....According to Arizona PIRG's report, only two of the 13 incentive programs even track how many jobs or other benefits they generate -- and none disclose that information publicly. For all its business-savvy rhetoric, the ACA can't demonstrate performance if it doesn't track results. Only one program publicly discloses what companies promise to deliver for their subsidies. Worse still, only 4 of the 13 programs even disclose which companies received subsidies or how much. And when companies that receive subsidies fail to deliver on promised economic development benefits, the ACA can reclaim taxpayer subsidies for only one program, and there is no way for the public to see if this ever happens.  

The article expresses concern mostly over the potential here for graft (or at least conflicts of interest) and the diversion of public funds from other state programs.  These are valid concerns, but are likely to resonate as basically political/partisan complaints - i.e., "Hey, public funding is flowing to those special interests over there (corporate, conservative), instead of my favorite special interest groups (the poor, minorities, unions, schools, etc)."  I understand that liberals take it as a tenet of faith or a universal truth that public funding should go toward helping the unfortunate rather than profitable businesses.  But conservatives will answer that the businesses do a better job of improving the local economic climate by creating jobs and spending money on local suppliers and distributors.  And never shall the two hear each other.

I have additional concerns beyond those mentioned in the article.  Even from a conservative, free-market perspective, government subsidies for businesses distort markets, foster monopolies, undermine competition, and reduce efficiency.  The same complaints that business advocates make about the welfare system apply to government programs to help businesses - the vicious cycle of dependence, the lack of incentive to work hard or face difficult choices, the inevitable favoritism (some businesses get taxpayer subsidies, others miss out, and those that do have an unfair advantage over competitors who might otherwise win in a free marketplace).  It has a chilling effect on market-driven innovation, improvements in efficiency, or "creative destruction." The subsidies can cause inflation as the local market prices correct for the infusion of unearned money. The inherent risks in entrepreneurship get externalized onto taxpayers rather than internalized by those who hope to reap the profits if they get lucky.  The conflict-of-interest problem is not just that the businessmen will engage in whitewashed embezzlement, diverting funds to their own businesses or friend's businesses (or to their suppliers, in hopes of getting discounted inputs).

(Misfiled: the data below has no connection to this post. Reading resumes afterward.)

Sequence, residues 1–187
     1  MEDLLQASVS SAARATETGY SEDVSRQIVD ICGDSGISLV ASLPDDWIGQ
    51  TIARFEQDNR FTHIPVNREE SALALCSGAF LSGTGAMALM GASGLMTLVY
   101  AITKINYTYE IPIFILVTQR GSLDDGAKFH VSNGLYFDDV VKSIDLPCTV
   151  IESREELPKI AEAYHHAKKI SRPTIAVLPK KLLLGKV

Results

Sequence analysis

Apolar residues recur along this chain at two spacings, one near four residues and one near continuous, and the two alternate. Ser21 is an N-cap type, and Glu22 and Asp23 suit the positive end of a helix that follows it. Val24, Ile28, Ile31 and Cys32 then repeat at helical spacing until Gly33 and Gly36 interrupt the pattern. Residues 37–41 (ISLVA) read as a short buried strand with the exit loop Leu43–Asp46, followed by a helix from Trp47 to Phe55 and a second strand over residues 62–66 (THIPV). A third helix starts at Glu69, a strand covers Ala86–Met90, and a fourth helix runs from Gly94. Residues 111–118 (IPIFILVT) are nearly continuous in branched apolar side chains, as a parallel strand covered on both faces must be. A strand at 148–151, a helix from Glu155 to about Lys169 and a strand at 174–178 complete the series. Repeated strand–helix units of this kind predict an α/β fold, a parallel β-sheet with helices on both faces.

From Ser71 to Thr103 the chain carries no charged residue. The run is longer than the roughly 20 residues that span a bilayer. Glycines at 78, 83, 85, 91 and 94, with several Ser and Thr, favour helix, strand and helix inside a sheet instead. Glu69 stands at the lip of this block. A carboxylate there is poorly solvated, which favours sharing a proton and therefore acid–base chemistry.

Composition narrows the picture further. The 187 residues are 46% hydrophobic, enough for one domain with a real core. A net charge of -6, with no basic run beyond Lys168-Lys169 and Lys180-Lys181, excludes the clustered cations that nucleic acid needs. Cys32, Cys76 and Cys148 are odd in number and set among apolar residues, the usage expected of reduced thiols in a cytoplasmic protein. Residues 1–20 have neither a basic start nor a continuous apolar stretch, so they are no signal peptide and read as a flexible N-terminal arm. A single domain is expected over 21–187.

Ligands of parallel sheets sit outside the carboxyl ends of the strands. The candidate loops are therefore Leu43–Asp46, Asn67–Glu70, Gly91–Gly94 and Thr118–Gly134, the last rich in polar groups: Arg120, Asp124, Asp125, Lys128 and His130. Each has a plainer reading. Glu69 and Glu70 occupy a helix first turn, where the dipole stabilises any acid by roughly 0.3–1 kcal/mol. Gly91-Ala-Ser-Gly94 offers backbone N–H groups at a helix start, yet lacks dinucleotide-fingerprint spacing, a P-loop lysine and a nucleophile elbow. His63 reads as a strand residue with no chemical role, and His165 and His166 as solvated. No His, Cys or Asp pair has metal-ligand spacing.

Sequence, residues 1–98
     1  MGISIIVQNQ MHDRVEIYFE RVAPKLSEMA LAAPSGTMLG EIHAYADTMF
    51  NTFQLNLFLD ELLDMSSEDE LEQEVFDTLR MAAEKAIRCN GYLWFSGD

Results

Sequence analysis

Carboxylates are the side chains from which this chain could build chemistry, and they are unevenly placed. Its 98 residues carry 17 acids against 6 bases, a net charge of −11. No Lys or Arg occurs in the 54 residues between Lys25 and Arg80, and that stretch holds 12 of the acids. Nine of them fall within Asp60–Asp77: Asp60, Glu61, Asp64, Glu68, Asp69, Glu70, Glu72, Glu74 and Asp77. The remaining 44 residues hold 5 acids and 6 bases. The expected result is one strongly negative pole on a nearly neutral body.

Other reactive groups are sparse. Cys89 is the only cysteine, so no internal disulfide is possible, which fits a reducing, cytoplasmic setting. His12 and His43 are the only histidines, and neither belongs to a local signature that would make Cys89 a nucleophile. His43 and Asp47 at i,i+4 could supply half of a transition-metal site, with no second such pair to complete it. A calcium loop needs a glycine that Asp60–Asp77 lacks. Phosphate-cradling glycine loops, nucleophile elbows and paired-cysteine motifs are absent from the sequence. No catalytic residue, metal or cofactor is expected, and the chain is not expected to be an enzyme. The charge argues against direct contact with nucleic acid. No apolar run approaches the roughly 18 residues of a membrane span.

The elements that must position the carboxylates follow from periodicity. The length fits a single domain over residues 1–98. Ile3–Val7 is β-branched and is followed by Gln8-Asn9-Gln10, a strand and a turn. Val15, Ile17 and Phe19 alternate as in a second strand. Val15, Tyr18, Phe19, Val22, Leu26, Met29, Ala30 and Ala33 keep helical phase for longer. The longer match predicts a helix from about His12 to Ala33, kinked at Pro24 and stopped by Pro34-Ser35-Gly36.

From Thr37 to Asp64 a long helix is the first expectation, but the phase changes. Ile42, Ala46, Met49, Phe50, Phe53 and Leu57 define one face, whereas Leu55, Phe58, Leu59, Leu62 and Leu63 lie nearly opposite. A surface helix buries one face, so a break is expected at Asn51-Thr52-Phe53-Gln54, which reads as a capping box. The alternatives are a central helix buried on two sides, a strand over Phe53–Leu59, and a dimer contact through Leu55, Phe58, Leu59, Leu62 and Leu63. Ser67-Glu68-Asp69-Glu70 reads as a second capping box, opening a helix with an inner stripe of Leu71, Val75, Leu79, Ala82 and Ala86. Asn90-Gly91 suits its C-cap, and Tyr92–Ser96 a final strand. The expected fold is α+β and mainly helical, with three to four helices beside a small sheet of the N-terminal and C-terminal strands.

The problem is also that other firms - firms that might be more efficient, providing better goods and services at lower cost - face higher entry barriers when the existing holders of market share are bolstered by government handouts.  In other words, I see little difference in the morality of handouts for poor individuals/families and handouts for businesses.  There is a spiritual virtue in helping the poor, of course, but also a virtue in helping those who are hard-working and who have made sacrifices to become successful.  The problem for me is the unintended consequences of government subsidies for entities that are supposed to compete and succeed in a free market.

-Dru Stevenson

Monday, May 21, 2012

Sheriff: Gang started prison riot in Mississippi

Link to article private prison article:

“Privatizing” Space - Taxpayers Still Pays the Bills

For those interested in the growing privatization of space travel, this new article from City Watch provides an interesting perspective: “Privatizing” Space: Companies Shoot for the Stars, but Uncle Sam Still Pays the Bills

Saturday, May 19, 2012

Interesting TSA Graphic

TSA Waste
Created by:

Thanks to Tony Chin

Charter School Lobby Group Quits ALEC Two Days After Being Identified By Republic Report

Now, my purpose in linking to this is not to attack ALEC.  I actually find ALEC interesting from the standpoint of legal theory - they are one of several entities, some political activists and some academics, that draft and publish model legislation that legislatures can adopt in whole or in part.  One of my current research/writing projects is about the proliferation of legislation in the twentieth century, and one contributing factor was the emergence of entities like the American Law Institute (which gave us the Model Penal Code, Restatements, and various Uniform Acts).  I don't think this is necessarily a bad thing, even when conservative groups like ALEC do this; liberal activist groups can do the same thing.  I think that these model legislation documents over time will help legislation get vetted more rigorously by the public before legislatures adopt it.  It will be fascinating to see if public commentary about such model legislation - like newpaper editorials or law review articles scrutinizing ALEC proposals - will eventually make it into the canon of "legislative history" that courts consider in determining a statute's meaning.